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NBA approves SuperSonics' move to Oklahoma City

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NBA owners have approved the Seattle SuperSonics' move to Oklahoma City pending the resolution of litigation between the team and the city of Seattle.

The Sonics could begin playing in owner Clay Bennett's hometown as early as next season if they can get out of the remaining two years of their lease at Key Arena.

Seattle has filed suit trying to force the Sonics to remain in the city until the lease expires in 2010, while Bennett wants to buy out the remainder. The city already has rejected Bennett's $26 million to settle the lease dispute. A trial is set to begin in federal court June 16.

"This team is destined to lose $30 million a year and is prepared to lose it for two more years, if that's what the city insists on exacting," NBA commissioner David Stern said.

Gov. Brad Henry called the decision a "big win" for Oklahoma.

"I think this is exciting news for Oklahoma City and the entire state. The vote further confirms that Oklahoma is in the big leagues and can compete with anyone," Henry said in a press release. "In addition to providing an immediate economic boost, an NBA franchise will provide long-term benefits for all of Oklahoma by elevating our national profile and enhancing the quality of life here.  When we work to attract and retain high-paying jobs and top industries, the NBA label is one more thing we can point to as we market our state to the rest of the world."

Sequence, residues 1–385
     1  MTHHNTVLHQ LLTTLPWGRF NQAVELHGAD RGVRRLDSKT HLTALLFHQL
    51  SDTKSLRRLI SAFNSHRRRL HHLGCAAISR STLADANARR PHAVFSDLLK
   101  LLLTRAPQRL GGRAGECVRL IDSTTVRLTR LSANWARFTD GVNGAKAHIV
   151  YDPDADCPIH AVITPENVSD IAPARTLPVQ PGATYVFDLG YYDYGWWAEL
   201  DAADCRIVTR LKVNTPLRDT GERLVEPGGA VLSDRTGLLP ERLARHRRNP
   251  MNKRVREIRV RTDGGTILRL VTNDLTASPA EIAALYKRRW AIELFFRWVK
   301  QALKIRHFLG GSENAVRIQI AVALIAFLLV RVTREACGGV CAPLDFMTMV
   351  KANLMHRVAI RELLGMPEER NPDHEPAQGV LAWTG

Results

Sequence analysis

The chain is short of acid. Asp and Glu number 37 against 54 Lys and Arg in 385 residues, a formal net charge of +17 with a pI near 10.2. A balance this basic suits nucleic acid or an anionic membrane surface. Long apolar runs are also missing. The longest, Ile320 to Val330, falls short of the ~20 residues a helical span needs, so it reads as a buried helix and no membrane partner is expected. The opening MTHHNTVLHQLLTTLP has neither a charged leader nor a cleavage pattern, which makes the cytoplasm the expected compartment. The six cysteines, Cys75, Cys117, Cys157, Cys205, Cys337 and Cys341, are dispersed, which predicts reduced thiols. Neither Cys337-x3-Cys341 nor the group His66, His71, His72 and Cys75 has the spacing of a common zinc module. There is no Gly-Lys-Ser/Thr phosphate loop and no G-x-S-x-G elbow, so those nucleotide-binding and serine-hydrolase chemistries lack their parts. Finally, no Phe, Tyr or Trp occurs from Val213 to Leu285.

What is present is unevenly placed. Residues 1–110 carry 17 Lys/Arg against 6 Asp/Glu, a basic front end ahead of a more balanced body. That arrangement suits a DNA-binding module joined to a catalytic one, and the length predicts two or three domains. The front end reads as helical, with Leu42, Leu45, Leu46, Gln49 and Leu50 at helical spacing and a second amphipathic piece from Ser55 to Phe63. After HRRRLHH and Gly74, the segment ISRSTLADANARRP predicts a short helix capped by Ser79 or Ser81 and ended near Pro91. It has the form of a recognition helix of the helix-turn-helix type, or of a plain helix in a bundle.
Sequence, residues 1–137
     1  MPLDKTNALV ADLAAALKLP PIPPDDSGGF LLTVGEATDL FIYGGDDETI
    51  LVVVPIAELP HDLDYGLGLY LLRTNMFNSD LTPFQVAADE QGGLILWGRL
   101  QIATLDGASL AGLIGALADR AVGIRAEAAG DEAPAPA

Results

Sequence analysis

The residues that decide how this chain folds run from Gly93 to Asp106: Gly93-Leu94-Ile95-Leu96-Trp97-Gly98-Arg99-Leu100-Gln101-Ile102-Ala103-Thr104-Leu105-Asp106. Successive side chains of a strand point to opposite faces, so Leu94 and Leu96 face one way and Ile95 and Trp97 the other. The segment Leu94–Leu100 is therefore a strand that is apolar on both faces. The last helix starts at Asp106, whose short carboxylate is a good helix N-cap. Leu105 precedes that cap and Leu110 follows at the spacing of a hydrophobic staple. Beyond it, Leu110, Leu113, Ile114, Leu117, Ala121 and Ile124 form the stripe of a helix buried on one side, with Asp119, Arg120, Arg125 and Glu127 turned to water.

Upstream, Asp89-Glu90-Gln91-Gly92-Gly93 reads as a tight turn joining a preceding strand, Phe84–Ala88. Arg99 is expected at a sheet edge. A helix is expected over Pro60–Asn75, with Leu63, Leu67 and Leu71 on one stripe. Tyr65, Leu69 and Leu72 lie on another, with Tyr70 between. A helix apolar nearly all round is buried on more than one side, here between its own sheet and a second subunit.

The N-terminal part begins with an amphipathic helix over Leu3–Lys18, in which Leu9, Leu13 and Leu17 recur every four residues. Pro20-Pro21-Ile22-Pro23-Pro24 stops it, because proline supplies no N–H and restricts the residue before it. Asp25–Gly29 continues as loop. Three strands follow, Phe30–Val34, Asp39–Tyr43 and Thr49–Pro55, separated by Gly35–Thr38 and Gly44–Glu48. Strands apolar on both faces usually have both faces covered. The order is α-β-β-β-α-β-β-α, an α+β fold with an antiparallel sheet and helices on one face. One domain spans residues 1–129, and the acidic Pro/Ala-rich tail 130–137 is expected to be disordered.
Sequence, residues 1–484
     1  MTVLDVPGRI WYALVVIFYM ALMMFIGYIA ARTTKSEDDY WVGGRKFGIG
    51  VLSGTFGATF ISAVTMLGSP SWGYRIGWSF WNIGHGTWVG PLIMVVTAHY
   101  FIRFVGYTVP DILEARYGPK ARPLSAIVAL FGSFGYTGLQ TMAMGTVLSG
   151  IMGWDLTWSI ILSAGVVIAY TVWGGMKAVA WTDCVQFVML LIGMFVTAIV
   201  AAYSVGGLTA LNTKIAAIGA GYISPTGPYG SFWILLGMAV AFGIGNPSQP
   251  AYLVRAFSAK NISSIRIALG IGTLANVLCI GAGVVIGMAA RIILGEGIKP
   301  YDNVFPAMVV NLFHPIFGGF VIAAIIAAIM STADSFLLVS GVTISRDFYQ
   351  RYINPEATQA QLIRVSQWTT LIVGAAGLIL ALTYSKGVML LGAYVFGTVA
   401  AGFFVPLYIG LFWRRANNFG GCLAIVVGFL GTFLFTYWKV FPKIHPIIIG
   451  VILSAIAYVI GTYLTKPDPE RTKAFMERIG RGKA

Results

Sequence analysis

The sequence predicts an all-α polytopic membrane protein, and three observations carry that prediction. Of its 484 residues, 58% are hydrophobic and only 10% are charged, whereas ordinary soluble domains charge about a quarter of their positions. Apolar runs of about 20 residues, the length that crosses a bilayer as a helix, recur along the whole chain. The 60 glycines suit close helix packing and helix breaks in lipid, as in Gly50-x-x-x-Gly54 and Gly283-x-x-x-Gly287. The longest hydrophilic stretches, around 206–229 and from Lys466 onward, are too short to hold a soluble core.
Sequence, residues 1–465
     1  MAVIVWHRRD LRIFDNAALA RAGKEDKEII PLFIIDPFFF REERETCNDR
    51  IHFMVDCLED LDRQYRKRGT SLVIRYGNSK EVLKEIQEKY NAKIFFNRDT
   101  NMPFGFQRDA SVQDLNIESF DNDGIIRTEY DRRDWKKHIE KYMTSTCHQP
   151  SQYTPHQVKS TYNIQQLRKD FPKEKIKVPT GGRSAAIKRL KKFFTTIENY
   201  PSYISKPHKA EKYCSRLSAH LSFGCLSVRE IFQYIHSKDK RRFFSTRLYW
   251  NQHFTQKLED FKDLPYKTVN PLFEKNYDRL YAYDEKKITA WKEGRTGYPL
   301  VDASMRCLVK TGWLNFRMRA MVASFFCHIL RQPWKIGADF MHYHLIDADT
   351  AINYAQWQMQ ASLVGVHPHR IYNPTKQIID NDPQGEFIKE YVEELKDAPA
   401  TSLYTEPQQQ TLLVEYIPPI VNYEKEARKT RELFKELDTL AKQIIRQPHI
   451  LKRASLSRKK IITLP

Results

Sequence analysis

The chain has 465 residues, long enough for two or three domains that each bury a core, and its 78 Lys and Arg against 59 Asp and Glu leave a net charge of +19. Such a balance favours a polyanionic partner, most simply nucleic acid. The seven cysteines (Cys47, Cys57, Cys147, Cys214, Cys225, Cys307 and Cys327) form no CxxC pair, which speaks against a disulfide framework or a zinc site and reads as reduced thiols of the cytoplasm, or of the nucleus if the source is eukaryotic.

Seattle hopes to keep the Sonics in town for what would appear to be two lame duck seasons, to buy time for a group led by Microsoft CEO Steve Ballmer to find an arena solution and eventually purchase the team from Bennett to keep them in town.

Ballmer's group already has proposed paying for half of a $300 million expansion of KeyArena, with the other half coming from the city and from county tax revenues.

"We know the longer they are in the Seattle, the better the chance they will stay," Mayor Greg Nickels said Thursday of the Sonics.

Bennett is also facing a class-action lawsuit brought by season-ticket holders who say they were duped into buying tickets under the premise the Sonics wouldn't leave.

During a question and answer period of the press conference, Bennett apologized to the citizens of Seattle, saying he did all he could to keep the team in Seattle.

"A potential future opportunity for the league could be in Seattle, but a new building must be built," said Bennett. "But it's a business, and it's a very capital-intensive business...and we have to move on. Now I turn my attention to Oklahoma City and I am thrilled."

And this week former team owner Howard Schultz announced plans to sue to get the team back, saying Bennett did not make a good-faith effort to secure a new arena deal as he promised when he bought the team in 2006.

Bennett addressed Schultz's accusations at the press conference, saying he "held to the commitment" of keeping the Sonics in Seattle and that he operated in good faith.

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